More than 100,000 people have received their second dose of the AstraZeneca COVID-19 vaccine as of Sunday, May 23, data from the Ghana Health Service (GHS) has shown.
The exercise, which began on May 19, is expected to inoculate about 360,000 persons who received their first jab from March 1 to 9, this year.
Dr Franklin Asiedu-Boeko, Director of Public Health at the GHS, said those who received their first jab from March 10, would have their second dose in the next phase.
He told the Ghana News Agency (GNA) in an interview in Accra that 380,000 doses of vaccine had been specifically allocated to those in the first phase and said the exercise would not end on May 26 as stated earlier.
Dr Asiedu-Boeko described the exercise as impressive despite the failure of an online application introduced to make the exercise more effective.
“We are happy about the process so far because, despite complaints about the side effects of the vaccine, people are still interested in getting inoculated,” he said.
Dr Asiedu-Boeko assured the public that government was still making efforts to acquire more vaccines to get more people vaccinated.
He assured the public that the plan to vaccinate 20 million Ghanaians before the end of the year was on course.
Dr Asiedu-Boeko reiterated the need for the public to keep adhering to the COVID-19 safety protocols by wearing face masks, using alcohol-based hand sanitizers, coughing or sneezing into tissues, and washing of hands with soap under running water.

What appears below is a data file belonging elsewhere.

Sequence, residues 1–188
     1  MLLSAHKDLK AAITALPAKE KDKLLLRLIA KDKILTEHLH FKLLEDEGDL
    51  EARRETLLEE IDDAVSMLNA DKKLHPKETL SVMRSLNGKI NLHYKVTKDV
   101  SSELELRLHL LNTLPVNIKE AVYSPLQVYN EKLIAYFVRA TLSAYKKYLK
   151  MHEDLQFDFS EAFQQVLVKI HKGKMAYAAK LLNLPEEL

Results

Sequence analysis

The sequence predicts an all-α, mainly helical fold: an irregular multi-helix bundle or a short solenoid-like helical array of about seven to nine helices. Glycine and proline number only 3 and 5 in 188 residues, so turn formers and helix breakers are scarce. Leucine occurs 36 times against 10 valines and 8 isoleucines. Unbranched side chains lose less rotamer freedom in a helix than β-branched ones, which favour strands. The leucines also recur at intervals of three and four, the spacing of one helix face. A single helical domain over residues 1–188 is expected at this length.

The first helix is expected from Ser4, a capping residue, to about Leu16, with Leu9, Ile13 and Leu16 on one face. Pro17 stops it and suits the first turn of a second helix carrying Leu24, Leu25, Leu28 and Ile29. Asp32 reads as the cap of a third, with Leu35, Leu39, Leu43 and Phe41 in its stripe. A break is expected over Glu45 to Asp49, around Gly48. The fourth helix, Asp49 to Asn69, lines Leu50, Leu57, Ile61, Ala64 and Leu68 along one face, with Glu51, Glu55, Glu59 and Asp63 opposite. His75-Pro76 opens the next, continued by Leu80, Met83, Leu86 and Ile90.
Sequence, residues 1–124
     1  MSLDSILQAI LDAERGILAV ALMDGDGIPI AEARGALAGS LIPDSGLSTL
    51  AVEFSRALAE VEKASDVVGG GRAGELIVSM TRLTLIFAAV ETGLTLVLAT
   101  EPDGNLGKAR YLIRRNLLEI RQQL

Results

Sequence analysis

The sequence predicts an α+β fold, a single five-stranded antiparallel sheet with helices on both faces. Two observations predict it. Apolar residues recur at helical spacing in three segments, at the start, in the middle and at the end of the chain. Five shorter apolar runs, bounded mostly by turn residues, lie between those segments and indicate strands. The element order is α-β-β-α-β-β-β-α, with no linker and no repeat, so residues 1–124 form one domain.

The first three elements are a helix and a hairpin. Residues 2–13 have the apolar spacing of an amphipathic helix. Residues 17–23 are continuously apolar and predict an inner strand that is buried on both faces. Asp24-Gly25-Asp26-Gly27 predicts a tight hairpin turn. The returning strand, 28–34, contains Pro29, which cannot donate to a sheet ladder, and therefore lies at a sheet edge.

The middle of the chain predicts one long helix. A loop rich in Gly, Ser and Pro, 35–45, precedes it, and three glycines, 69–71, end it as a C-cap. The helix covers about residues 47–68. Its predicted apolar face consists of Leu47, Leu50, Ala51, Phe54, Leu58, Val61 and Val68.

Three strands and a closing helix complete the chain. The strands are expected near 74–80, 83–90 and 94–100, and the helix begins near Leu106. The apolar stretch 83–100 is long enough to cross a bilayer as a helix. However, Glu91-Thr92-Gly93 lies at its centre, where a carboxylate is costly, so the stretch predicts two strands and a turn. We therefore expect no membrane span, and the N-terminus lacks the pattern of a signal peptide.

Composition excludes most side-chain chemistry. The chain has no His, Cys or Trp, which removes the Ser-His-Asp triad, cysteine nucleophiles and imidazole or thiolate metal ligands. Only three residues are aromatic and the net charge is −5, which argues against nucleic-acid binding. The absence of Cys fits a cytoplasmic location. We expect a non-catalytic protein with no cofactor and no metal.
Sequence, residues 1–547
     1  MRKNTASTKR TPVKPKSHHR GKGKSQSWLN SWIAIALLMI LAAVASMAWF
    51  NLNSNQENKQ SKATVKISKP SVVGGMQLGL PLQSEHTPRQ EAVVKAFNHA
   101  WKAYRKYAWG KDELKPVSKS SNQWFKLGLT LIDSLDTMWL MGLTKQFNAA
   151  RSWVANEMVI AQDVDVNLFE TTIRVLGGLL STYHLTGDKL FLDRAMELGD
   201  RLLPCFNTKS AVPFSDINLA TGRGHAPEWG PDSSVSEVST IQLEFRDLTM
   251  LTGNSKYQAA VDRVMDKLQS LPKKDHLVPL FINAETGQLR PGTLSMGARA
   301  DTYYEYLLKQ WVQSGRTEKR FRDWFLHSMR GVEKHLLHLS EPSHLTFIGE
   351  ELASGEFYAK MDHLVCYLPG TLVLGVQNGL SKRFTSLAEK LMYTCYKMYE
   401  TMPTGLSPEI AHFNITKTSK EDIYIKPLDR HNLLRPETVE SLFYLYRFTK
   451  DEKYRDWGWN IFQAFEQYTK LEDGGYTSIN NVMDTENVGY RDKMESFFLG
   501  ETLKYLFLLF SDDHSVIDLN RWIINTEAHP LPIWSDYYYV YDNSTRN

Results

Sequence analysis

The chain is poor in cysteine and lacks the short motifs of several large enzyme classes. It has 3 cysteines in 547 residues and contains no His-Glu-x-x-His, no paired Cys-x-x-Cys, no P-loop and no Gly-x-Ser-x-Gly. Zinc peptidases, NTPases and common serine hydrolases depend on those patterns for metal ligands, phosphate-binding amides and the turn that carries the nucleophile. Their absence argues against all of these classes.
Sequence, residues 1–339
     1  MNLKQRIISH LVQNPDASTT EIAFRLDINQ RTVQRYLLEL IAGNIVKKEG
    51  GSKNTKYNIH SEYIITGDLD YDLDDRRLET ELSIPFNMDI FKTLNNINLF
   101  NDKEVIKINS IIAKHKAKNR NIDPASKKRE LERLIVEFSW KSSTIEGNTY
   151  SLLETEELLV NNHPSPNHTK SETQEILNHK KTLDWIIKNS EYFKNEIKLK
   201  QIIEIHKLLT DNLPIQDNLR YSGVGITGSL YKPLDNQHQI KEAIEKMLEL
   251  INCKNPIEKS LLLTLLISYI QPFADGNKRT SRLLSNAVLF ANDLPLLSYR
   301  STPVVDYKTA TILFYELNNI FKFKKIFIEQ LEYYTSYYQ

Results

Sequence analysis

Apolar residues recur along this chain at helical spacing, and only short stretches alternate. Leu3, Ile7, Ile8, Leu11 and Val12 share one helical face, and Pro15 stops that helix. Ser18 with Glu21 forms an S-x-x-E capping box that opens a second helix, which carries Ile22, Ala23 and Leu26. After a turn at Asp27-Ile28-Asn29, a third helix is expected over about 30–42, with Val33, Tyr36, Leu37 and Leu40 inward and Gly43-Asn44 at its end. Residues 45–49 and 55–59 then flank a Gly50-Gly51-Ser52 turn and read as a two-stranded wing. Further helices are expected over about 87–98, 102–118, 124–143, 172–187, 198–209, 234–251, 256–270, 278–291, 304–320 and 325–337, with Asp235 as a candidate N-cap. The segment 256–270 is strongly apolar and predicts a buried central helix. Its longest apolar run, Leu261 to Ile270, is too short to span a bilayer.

Ghana, on Tuesday, March 2, kicked off its mass COVID-19 vaccination exercise in 42 selected districts in the Greater Accra, Kumasi, and Western regions.
As of Friday, April 30, a total of 849,527 AstraZeneca vaccines had been administered to the public.
Ghana recorded its first case of COVID-19 on March 12, 2020. So far 92,513 cases have been confirmed with 783 deaths. There are 1583 confirmed cases.
The novel coronavirus was first recorded in the Wuhan city of China in December 2019.
Coronaviruses are a large group of viruses that are common among animals. In rare cases, they are what scientists call zoonotic, meaning they can be transmitted from animals to humans, according to the US Centers for Disease Control and Prevention.
It has an incubation period of four to six days and fatal, especially for those with a weakened immune system – the elderly and the very young. It could also result in pneumonia and bronchitis.
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